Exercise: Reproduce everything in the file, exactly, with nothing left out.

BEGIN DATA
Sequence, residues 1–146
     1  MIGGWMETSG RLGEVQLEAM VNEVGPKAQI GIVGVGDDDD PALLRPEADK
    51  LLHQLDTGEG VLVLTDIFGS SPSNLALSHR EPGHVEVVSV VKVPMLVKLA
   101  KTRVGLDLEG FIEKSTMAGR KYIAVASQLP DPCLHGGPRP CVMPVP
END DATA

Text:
Sequence, residues 1–146
     1  MIGGWMETSG RLGEVQLEAM VNEVGPKAQI GIVGVGDDDD PALLRPEADK
    51  LLHQLDTGEG VLVLTDIFGS SPSNLALSHR EPGHVEVVSV VKVPMLVKLA
   101  KTRVGLDLEG FIEKSTMAGR KYIAVASQLP DPCLHGGPRP CVMPVP